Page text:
NEW YORK — A Doctors Without Borders physician who recently returned from West Africa is at a New York hospital for isolation and has tested positive for Ebola, according to the New York Times.
It is New York City’s first Ebola case.
The 33-year-old physician, employed at Columbia Presbyterian Hospital, developed a fever, nausea, pain and fatigue Wednesday night, a law enforcement official briefed on the matter told CNN. On Thursday morning he was taken to Bellevue Hospital in Manhattan for testing.
The doctor returned from West Africa about 10 days ago, the official said. His name is Craig Spencer, according to law enforcement officials.
The CDC had people packing up to go to New York on Thursday, and a specimen from the physician was sent soon to Atlanta for testing.
In a statement Thursday, Doctors Without Borders confirmed that the physicians recently returned from West Africa and was “engaged in regular health monitoring.” The doctor contacted Doctors Without Borders Thursday to report having a fever, the statement said.
The law enforcement official said the doctor was out in public. Authorities also quarantined his girlfriend, with whom he was spending time since his return from Africa.
The doctor began feeling sluggish a couple of days ago, but it wasn’t until Thursday, when he developed 103-degree fever, that he contacted Doctors Without Borders, the official said.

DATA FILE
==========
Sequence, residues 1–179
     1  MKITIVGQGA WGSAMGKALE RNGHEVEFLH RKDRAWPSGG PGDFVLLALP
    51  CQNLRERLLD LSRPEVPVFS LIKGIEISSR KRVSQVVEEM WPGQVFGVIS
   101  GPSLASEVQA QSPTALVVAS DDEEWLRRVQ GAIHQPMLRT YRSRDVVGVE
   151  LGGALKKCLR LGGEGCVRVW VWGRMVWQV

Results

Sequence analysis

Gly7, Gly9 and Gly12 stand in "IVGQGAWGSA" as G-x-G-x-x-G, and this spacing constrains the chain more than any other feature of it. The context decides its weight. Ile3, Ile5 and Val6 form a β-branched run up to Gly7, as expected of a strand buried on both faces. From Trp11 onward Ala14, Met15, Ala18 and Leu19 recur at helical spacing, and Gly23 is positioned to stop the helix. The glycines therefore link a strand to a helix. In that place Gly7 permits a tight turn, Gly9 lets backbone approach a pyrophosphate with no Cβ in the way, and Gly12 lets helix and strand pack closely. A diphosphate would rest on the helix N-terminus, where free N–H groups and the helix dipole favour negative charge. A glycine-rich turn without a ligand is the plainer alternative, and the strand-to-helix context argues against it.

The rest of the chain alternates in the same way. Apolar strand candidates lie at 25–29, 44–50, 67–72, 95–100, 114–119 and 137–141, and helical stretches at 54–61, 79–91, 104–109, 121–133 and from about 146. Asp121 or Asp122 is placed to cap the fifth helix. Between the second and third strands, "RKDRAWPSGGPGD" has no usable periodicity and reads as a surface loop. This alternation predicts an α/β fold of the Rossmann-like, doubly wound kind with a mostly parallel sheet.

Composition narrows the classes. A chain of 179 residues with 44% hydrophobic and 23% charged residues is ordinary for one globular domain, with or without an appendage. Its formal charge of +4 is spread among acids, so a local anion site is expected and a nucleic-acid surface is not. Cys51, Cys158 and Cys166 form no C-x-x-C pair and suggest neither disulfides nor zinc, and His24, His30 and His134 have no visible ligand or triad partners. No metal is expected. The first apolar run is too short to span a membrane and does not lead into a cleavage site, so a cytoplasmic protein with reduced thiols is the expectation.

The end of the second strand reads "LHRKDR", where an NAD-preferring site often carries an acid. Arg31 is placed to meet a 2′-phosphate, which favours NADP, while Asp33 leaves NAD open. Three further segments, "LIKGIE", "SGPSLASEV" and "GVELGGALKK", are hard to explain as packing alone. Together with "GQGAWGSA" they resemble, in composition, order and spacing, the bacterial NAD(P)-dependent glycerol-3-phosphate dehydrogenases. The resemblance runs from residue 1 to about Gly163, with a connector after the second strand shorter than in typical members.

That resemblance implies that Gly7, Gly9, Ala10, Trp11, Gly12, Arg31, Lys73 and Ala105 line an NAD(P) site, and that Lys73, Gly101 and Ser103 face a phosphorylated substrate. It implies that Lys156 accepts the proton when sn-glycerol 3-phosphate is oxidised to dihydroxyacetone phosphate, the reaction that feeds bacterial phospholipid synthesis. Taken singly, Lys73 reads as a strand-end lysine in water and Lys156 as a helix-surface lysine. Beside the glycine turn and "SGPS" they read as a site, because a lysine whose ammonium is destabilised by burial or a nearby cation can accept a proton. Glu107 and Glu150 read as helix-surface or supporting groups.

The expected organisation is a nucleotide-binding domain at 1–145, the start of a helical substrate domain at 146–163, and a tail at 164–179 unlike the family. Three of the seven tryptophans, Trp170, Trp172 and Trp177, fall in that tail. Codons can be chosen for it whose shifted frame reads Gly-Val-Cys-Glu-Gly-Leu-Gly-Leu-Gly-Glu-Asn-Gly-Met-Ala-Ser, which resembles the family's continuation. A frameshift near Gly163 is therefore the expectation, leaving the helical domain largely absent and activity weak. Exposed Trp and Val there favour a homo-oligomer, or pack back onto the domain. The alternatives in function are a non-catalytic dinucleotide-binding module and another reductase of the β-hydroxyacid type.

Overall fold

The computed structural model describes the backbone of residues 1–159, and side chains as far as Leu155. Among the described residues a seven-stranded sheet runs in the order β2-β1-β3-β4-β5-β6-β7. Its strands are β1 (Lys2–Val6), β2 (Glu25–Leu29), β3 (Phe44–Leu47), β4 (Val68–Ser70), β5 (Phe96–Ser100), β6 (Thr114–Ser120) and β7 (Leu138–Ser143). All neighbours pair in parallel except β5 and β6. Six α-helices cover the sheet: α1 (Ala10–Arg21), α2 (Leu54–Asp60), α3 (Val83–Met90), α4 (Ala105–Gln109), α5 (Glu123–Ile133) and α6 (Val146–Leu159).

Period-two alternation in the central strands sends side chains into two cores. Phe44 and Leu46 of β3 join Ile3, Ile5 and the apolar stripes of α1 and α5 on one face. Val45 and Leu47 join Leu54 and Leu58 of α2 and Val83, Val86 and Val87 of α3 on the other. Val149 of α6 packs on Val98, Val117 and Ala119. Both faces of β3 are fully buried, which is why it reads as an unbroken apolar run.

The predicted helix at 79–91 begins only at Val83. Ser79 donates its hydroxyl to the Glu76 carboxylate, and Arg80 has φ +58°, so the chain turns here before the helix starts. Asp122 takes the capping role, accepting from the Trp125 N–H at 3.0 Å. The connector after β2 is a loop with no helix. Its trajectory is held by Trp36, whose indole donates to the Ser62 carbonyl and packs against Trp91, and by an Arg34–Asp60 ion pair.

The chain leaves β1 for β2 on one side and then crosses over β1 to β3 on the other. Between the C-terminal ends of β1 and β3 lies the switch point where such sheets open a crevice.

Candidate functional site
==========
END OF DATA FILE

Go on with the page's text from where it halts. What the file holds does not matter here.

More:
The case came to light after the New York Fire Department received a call shortly before noon Thursday about a sick person in Manhattan. The patient was taken to Bellevue.
The health department said a special ambulance unit transported a patient suffering from a fever and gastrointestinal symptoms.
The health care worker returned to the U.S. within the past 21 days from one of the three West African countries currently facing the outbreak of the deadly virus, the health department statement said.
Bellevue Hospital is designated for the “isolation, identification and treatment of potential Ebola patients” in the city, the statement said.
“As a further precaution, beginning today (Thursday), the Health Department’s team of disease detectives immediately began to actively trace all of the patient’s contacts to identify anyone who may be at potential risk,” the health department statement said.
“The chances of the average New Yorker contracting Ebola are extremely slim,” the statement said, adding that the disease is spread by direct contact with the bodily fluids of an infected person.
Bellevue Hospital is one of the eight hospitals statewide that Gov. Andrew Cuomo designated earlier this month as part of an Ebola preparedness plan, the state heath department said.